#ExistRefRange>1.33 Units or less
#ExistInterpData>A value of greater than 1.33 Units suggests the presence of basophil stimulating antibodies (or other serum factors).
See Compliance Statement B: www.aruplab.com/CS
||1) Chronic urticaria (CU) is a common and complex dermatological condition that is suspected when patients experience persistent hives for over 6 weeks. No published evidence of an exogenous allergen as the cause of this disorder exists. About 45 percent of cases have autoantibodies directed against either basophil or mast cell-associated IgE or the high affinity IgE-Fc receptor (Fc epsilon R1 alpha) (Clin Exp Allergy 2009; 39: 777-87).
2) The presence of histamine releasing factors (including but not limited to IgE and Fc epsilon R1 alpha-specific autoantibodies) in the patient serum can be indirectly determined by evaluating basophil/mast cell activation status using histamine release assays, autologous serum-skin test, and flow cytometric measurement of the basophil and mast-cell specific marker CD203c. Serum from CU patients can activate donor basophils, which induces histamine release and CD203c upregulation (J Allergy Clin Immunol 2006; 117: 1430-4).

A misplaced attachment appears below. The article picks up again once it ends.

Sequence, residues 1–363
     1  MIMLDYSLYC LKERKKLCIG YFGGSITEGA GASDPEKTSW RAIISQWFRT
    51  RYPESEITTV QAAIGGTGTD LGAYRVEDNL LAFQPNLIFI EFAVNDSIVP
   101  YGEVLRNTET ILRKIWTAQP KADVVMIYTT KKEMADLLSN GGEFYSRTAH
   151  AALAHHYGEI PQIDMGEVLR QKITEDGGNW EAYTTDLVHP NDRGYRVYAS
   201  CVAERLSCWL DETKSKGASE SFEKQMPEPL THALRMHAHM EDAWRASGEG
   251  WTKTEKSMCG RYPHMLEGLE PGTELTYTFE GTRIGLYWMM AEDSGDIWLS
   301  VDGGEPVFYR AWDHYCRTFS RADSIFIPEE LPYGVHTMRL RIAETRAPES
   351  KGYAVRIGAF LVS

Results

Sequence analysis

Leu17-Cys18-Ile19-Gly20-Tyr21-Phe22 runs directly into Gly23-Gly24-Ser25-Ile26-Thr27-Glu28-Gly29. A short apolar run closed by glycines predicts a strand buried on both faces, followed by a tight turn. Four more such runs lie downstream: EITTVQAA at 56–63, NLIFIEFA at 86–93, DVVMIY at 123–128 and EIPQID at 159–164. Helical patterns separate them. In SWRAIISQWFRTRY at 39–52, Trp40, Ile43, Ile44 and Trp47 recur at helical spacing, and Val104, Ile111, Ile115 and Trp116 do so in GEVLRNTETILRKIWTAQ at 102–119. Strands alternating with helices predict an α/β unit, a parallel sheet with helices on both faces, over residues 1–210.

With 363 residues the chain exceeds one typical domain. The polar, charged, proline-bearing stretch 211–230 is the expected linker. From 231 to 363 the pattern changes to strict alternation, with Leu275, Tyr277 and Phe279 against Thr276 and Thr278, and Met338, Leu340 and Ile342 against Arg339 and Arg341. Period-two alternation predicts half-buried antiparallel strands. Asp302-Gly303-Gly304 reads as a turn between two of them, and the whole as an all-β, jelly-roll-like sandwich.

||88184; 88185 x2 each additional marker
||Anti IgE Receptor Ab (Urticaria-Induced Basophil Activation), Chronic Urticaria (Urticaria-Induced Basophil Activation)